With the first day of summer in the rearview mirror, temperatures are only expected to accelerate. Forage production, on the other hand, will likely slow down. This is when summer annuals can take the wheel and keep forage production on track for the remainder of the season.
Sorghum-sudangrass and pearl millet are among the most popular summer annuals. Proper management of these grasses begins with planting in the spring. When soil temperatures reach 65°F, seeds can either be broadcast or drilled 2 inches deep.
Although these forages can be cut for hay, Charlotte Meeks with University of Georgia Extension states the best way to harvest summer annuals is to graze them. Livestock will selectively graze young growth first, so begin grazing at preboot stage. Rotating cattle is one way to do this effectively.
“While continuous grazing may be the easiest way to manage livestock, it is not the best option when grazing warm-season annual grasses,” Meeks advises. “Rotational grazing will allow for a rest period for regrowth, reduce waste, and prolong the stand.”
Graze pearl millet when it is 20 to 24 inches tall. To prevent plant injury and ensure successful regrowth, remove animals when it is 4 to 6 inches. Sorghum-sudangrass can also be grazed once it has reached 24 inches, but animals should be removed when the plant is 8 to 12 inches in height. Regrowth begins at the node on sorghum-sudangrass as opposed to the basal bud on pearl millet, so it cannot be grazed as short.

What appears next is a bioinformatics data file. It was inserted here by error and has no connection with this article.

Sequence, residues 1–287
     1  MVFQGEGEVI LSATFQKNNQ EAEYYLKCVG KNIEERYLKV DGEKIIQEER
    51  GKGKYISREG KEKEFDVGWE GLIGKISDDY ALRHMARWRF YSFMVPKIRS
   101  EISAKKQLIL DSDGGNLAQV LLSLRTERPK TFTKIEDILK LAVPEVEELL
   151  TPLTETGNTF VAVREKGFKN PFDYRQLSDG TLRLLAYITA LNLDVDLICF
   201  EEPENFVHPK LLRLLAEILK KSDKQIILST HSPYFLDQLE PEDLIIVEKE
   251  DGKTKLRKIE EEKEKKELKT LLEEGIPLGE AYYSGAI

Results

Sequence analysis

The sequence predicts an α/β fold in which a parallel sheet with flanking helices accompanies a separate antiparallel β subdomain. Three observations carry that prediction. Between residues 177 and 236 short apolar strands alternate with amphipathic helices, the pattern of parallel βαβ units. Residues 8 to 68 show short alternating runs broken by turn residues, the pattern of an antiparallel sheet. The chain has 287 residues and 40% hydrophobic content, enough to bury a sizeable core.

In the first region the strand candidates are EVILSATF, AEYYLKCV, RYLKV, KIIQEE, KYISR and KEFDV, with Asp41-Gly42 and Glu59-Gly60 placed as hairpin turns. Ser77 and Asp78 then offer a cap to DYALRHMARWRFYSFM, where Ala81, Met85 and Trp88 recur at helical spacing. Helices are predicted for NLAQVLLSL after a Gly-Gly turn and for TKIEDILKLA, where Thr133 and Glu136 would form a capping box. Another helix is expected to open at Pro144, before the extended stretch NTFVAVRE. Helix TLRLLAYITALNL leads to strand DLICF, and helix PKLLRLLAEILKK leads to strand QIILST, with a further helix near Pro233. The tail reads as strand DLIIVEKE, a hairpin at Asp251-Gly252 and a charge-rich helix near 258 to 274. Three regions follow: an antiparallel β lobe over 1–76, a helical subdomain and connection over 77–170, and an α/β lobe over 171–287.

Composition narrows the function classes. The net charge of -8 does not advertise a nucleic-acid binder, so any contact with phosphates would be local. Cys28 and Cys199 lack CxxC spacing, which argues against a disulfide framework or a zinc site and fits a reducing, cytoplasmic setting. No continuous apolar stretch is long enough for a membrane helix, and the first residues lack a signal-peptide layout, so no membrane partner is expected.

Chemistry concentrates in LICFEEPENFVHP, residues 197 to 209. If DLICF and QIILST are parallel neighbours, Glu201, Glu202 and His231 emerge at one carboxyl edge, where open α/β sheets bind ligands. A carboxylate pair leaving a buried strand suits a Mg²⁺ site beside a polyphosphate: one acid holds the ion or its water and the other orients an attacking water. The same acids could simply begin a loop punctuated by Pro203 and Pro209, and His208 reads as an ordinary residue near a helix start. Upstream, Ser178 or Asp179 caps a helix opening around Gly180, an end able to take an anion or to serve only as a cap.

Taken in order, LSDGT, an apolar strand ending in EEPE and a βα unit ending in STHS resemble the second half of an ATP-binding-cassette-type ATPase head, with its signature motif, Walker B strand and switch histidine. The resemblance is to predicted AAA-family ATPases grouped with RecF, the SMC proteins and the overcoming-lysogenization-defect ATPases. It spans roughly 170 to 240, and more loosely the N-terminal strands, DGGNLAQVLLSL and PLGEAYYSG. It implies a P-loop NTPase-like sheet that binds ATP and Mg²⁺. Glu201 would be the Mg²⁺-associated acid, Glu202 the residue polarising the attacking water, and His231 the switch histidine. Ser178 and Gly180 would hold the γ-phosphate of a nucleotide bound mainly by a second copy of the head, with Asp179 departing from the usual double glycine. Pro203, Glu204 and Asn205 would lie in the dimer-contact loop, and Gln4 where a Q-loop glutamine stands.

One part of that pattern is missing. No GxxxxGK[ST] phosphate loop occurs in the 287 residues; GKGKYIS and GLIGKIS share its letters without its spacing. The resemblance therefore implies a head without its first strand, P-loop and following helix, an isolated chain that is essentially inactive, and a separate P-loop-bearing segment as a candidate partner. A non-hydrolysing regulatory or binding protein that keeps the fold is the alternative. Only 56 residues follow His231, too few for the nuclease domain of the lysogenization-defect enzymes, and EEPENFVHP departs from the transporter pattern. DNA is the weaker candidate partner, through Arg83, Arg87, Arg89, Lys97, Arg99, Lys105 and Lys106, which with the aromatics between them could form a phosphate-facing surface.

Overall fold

Meeks points out sorghum-sudangrass hybrids have the highest yield potential of summer annuals – as long as they receive adequate rainfall or irrigation. Brown midrib (BMR) hybrids are also available, and this characteristic is preferred among producers because of lignin content and higher digestibility.
Know the risks
Despite the benefits sorghum-sudangrass can bring to a grazing system, it is subject to prussic acid toxicity. Keep cattle away from sorghum-sudangrass for four to five days after a frost, allowing prussic acid to dissipate. Follow up with a forage analysis to make sure levels are low enough for cattle to return to the field.
High nitrate levels may also be a problem in sorghum-sudangrass, as well as pearl millet. This can occur during drought stress, especially after nitrogen fertilization. Conduct nitrate testing before grazing in these conditions.
Even though it can encourage high nitrate levels, fertilization is still an important step in managing summer annuals. Meeks recommends applying 40 to 60 pounds of nitrogen per acre at establishment, and an additional 50 to 60 pounds per acre each month during the growing season.
“Fertilization is a must for warm-season annual grasses to reach their yield potential,” Meeks asserts. “To reduce the possibility of nitrate toxicity, split up your application of nitrogen during the growing season. When warm-season annuals are subject to drought stress, they should not receive a nitrogen application.”